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11.13.2004

Alberto Gonzales

You're actually a constituent, Ivan, and a part of Bush's mandate, so I'd be curious what you think of the new appointee. I suspect (based on this) you think he's an improvement over Ashcroft.

My perspective: Ashcroft is more of a religious fundamentalist and traditional conservative and Gonzales will probably be more interesting, thoughtful, and sometimes more in line with my own opinions. However, since I think his association with the popular Bush Administration means Ashcroft can probably win a higher office than Attorney General (Senator, I think, but there are other options), this is a good thing only WRT the AG office -- Ashcroft's Moral Values will continue to blight our newspages in the future. The thing I don't like about Gonzales is not ideological, but personal. His work experience includes a lot of legal advice to the President (like: don't call your POWs "POWs" or else you'll have to account for them and make sure they're not tortured). I think he's being promoted to a position where he can do a lot more to ensure the President doesn't get in trouble with the law, and I think that's Bad. This obviously isn't partisan... even though some people think the likelyhood of President Bush being criminal in his affairs is likely and some think it's unlikely, none would say it's impossible. For this reason, I think it's fair to say lawyer cronies are bad appointees.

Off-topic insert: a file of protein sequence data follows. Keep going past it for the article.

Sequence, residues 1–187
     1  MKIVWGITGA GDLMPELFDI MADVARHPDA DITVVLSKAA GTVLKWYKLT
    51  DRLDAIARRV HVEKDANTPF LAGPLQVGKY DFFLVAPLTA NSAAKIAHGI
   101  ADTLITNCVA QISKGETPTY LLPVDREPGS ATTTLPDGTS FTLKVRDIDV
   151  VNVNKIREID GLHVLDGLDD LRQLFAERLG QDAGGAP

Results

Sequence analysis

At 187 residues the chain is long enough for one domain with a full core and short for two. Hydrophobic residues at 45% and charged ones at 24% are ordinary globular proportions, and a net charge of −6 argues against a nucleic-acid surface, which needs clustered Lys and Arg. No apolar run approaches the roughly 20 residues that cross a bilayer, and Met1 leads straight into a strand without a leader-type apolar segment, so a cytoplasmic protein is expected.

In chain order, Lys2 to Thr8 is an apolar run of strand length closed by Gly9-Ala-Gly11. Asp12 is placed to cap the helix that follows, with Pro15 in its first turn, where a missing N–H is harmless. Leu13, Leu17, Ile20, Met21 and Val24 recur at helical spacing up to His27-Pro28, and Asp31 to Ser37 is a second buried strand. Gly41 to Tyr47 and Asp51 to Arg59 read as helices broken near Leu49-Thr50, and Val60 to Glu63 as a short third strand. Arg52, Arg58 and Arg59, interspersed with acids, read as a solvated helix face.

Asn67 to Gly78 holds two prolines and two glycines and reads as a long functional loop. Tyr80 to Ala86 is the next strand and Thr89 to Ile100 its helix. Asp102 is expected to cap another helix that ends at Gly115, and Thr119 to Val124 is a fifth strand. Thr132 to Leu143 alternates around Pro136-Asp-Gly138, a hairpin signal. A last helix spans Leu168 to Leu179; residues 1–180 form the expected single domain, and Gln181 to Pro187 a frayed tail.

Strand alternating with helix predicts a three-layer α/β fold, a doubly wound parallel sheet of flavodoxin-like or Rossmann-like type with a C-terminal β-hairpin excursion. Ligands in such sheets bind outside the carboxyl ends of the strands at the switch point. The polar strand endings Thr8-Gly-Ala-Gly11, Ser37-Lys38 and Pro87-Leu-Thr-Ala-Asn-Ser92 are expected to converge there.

On a side note, I greatly appreciate the President's consistent approach of appointing nonwhites to important offices and how cynical he makes Democrats look in this regard -- the Dems richly deserve that particular trouble.

2 Comments:

At 2:57 PM, Blogger joŇ°ko said...

His biggest red-flag is the infamous memo saying the Geneva-convention was "quaint" and "outdated." It's often been eroneously attributed to him, but his fault is really having _recieved_ the memo, and passing it along without protest.

Meanwhile, word is that the "religious right" are worried Gonzales is not concertative enough, which is a good sign. Other than that, we'll wait and see how he is. Can't be worse than Ashcroft, my least favorite cabinate member of Bush 2: Term One.

 
At 10:49 PM, Blogger Ivan said...

I like the appointee, but know little about him. I think it is an improvement both because Ashcroft was annoyingly prudish in some of his views.

I wouldn't count the POW situation like that though, because it completely ignores both the writ of law and the new nature of this war. There is a reason why POWs are accounted the way they are, talking about army regulars, and whatnot. People not uniformed and not acting for a government are basically vigalanties, and not really in the spirit of the Geneva conventions. So not only is it a correct legal assessment that they can be treated differently, but it reflects the idea that these prisoners are not what the authors had in mind.

Note that I said 'treated differently' and not 'interned without trial'. I think that there should be a serious discussion on how the unique threat of extra-national super-empowered individuals should be treated. Thinking that they should be granted a lawyer and a trial in civilian courts, without taking account the consequences, is not the proper recourse.

But the main thing I should say about Gonzales is that his initial actions will determin what I really think about him.

 

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